Anchoring Follies

Anchoring can be intimidating to sailors, especially if one has to anchor in front of an audience, or with an unfamiliar boat, or with an inexperienced crew. Chartering a boat in some gorgeous place can bring all three of these aspects together, for some rather unfortunate results. To prevent the inevitable shame from crushing some egos, all names and other identification has been removed from the following stories.

AIS Updates and Thoughts

After two major collisions with substantial loss of American lives between US Navy destroyers and merchant ships, many of us went to websites that provide histories of the movements of the ships in the area up to the minute of the collision. Using the AIS transponders that are on all of the commercial vessels, and some of the recreational vessels, you can clearly see the paths of the vessels heading in and out of some of the most constrained and confusing waterways in the world.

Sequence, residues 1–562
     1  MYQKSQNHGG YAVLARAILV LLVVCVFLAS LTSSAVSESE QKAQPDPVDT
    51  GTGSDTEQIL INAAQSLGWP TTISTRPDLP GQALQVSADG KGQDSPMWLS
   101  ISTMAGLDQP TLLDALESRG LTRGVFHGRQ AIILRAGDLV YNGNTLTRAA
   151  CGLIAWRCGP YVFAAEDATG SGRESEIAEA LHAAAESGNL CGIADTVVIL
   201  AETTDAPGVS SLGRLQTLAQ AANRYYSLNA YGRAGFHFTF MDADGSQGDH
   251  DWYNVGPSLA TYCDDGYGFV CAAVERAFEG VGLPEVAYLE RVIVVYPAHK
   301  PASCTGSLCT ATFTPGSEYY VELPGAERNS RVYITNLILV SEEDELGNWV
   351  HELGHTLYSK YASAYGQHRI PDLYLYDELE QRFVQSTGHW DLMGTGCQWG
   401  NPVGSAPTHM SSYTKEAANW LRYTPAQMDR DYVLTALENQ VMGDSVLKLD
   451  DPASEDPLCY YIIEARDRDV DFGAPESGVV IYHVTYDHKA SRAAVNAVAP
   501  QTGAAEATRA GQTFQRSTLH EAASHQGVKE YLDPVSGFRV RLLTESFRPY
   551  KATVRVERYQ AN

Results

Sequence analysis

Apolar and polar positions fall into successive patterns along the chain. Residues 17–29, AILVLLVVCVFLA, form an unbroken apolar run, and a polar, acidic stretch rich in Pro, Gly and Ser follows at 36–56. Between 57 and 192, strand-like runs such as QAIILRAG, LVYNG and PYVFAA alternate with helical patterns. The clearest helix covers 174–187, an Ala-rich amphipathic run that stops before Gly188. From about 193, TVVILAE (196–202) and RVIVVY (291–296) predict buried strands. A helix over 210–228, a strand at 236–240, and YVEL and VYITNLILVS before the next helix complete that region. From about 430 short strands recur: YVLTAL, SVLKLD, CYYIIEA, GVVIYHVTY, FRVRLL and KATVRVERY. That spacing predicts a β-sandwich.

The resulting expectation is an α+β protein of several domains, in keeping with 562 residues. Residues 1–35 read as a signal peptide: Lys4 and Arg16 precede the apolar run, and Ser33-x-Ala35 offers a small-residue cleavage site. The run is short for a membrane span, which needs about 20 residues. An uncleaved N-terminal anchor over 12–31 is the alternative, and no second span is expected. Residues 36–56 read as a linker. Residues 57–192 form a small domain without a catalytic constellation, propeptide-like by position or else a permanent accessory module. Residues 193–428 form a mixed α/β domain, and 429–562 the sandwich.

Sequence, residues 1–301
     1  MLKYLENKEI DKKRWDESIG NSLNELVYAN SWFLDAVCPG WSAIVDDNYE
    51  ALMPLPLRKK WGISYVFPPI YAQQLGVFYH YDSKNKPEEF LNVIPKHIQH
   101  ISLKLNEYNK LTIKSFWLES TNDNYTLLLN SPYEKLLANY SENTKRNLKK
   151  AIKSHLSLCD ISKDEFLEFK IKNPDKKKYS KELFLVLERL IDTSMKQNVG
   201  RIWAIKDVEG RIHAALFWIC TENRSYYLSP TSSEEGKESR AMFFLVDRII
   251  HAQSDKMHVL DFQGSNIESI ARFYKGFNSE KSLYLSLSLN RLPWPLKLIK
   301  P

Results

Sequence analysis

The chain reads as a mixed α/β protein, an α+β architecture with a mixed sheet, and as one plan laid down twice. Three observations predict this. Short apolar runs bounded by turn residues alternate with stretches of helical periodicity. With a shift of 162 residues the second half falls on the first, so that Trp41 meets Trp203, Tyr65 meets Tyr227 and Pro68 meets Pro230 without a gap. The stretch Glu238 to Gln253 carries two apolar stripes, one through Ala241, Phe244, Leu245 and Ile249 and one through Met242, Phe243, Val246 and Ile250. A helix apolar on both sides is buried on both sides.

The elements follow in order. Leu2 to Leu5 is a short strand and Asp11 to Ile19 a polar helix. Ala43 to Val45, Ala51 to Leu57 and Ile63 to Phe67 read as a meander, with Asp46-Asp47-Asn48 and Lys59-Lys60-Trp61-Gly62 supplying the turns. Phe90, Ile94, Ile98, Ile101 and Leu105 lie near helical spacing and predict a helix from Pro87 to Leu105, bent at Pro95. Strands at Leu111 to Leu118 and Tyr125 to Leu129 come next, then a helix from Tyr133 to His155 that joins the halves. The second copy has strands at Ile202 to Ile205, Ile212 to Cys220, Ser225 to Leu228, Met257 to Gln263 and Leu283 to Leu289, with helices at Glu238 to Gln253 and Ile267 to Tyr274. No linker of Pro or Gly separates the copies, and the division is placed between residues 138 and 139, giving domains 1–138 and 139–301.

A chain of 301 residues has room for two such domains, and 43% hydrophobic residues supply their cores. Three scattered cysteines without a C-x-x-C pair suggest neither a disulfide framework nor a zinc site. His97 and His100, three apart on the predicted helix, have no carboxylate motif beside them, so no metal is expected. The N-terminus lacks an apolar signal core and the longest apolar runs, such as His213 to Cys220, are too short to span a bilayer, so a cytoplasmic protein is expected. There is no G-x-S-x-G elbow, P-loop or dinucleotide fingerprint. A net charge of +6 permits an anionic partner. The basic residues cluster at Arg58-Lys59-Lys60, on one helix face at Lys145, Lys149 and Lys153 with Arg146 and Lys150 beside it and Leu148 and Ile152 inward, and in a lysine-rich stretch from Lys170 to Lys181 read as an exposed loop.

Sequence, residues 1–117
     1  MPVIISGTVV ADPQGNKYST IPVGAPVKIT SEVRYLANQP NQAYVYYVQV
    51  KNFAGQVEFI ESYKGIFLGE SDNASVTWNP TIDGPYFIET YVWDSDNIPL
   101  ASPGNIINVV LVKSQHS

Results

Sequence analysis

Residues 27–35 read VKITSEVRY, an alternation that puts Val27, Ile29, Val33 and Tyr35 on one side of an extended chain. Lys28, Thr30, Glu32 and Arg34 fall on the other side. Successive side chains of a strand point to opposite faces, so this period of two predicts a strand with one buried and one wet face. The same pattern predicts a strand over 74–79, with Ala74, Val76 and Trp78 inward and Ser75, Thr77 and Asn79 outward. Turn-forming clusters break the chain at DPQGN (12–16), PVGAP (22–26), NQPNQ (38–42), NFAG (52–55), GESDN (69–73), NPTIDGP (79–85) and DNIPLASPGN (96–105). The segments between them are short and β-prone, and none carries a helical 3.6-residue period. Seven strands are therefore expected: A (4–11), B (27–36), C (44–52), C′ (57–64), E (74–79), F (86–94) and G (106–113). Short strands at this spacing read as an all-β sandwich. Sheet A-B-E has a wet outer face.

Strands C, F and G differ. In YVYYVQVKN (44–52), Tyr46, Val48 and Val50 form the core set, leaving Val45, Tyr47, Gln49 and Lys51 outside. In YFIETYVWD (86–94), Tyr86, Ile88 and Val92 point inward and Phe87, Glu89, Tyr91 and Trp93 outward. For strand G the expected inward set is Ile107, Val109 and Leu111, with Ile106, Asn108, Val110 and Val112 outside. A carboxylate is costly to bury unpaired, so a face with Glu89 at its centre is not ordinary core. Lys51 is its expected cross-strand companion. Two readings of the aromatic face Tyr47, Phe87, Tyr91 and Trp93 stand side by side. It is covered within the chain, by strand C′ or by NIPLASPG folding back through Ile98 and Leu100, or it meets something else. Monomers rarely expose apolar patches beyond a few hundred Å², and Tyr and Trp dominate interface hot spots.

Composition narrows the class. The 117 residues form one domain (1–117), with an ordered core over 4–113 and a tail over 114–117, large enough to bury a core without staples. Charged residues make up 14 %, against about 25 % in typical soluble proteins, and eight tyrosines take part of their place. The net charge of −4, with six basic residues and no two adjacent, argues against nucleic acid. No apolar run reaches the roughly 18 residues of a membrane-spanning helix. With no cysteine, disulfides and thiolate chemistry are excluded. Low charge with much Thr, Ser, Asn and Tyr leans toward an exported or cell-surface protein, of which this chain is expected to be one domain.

Themes from Incident Reports

When we think about boating safety, all of us can come up with a specific story, perhaps several, that previously taught us about the ocean, how sailboats perform, and how to avoid trouble. Frequently, these stories involved trouble of one sort or another, since the school of hard knocks provides a pretty effective education.

Life Jacket Changes Ahead

In the early 1970s, a new method of categorizing life jackets was introduced by the Coast Guard and Underwriter’s Laboratories, using five “types” and a new, strange name for life jackets: the Personal Flotation Device.

The five types fell into recognizable styles: Type I were for commercial use and had the most buoyancy; Type IIs were inexpensive “yoke” style; Type III were vests that were more comfortable, but had relatively low buoyancy; Type IV were “throwable devices” for man overboard; and Type V were anything that didn’t fit into the previous definitions.